Beatrice H. Zedler, "How Philosophy Begins"
English | ISBN: 0874621518 | 1983 | 55 pages | EPUB | 0,1 MB
Father Gerard Smith, S.J., who was chairman of the Marquette Philosophy Department for twenty-two years, used to say that the Aquinas Lectures helped to push back the frontiers of ignorance. And, indeed, many of the previous speakers in this series have done just that, with a clarity and brilliance of insight that have illumined the minds of other philosophers on specialized topics. My remarks will be a more modest attempt.
As a teacher who has tried to explain some difficult concepts, I have often been aware of some questions in the minds of my students, such questions, for example, as these: "To whom are you speaking, professor? Will you please speak to us? If you must talk philosophy, can you lead us into it gently? Can you show us how and why philosophy begins?"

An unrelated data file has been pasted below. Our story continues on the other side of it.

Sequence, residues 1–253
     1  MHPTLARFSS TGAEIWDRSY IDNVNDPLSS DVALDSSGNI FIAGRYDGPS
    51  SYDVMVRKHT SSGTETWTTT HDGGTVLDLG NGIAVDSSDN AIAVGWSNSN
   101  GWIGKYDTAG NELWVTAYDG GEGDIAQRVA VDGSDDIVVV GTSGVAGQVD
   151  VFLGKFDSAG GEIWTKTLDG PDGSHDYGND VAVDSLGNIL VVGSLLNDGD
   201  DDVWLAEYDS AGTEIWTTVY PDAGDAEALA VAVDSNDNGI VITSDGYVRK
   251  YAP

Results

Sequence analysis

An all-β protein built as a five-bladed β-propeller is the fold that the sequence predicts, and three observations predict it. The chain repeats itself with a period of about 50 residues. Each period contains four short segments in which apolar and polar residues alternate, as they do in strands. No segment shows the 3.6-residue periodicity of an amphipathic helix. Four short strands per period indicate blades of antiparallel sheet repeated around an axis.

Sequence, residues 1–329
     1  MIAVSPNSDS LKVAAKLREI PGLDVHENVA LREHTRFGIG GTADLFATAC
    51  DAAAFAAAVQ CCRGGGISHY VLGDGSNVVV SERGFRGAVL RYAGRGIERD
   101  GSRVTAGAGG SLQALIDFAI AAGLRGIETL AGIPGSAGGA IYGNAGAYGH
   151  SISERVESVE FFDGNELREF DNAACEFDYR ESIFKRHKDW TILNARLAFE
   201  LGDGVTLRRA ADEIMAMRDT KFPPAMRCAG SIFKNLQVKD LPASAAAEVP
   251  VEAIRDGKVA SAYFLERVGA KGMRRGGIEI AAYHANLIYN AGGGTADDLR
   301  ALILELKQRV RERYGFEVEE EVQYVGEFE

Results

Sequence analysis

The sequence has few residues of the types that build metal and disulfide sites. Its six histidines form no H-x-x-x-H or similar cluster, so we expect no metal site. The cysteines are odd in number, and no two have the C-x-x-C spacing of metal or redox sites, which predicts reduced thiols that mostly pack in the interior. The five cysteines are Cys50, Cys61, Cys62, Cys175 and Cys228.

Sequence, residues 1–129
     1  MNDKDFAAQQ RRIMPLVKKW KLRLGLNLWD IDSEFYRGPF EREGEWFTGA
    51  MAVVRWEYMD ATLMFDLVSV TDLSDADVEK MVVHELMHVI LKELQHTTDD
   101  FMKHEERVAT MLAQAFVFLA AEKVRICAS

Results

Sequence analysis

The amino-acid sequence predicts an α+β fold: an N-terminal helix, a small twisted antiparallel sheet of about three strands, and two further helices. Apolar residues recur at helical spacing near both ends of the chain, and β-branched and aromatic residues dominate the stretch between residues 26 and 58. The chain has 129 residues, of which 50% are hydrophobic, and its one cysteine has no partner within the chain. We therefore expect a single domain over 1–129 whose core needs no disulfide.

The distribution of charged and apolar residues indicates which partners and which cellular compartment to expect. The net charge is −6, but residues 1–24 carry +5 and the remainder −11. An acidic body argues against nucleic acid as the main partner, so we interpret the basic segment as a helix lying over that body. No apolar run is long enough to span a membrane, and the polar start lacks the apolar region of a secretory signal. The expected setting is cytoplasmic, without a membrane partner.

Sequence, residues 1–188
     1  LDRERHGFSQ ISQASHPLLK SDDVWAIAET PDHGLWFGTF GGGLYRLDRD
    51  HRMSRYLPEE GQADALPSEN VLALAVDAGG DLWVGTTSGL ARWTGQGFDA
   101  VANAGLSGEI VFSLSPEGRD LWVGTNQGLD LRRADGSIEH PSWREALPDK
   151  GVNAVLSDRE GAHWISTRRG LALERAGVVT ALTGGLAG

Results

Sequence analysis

It is these questions that I should like to address. For my professional colleagues this lecture may serve as a souvenir of a journey begun long ago. For students it may serve as a passport to a journey that they just now are beginning.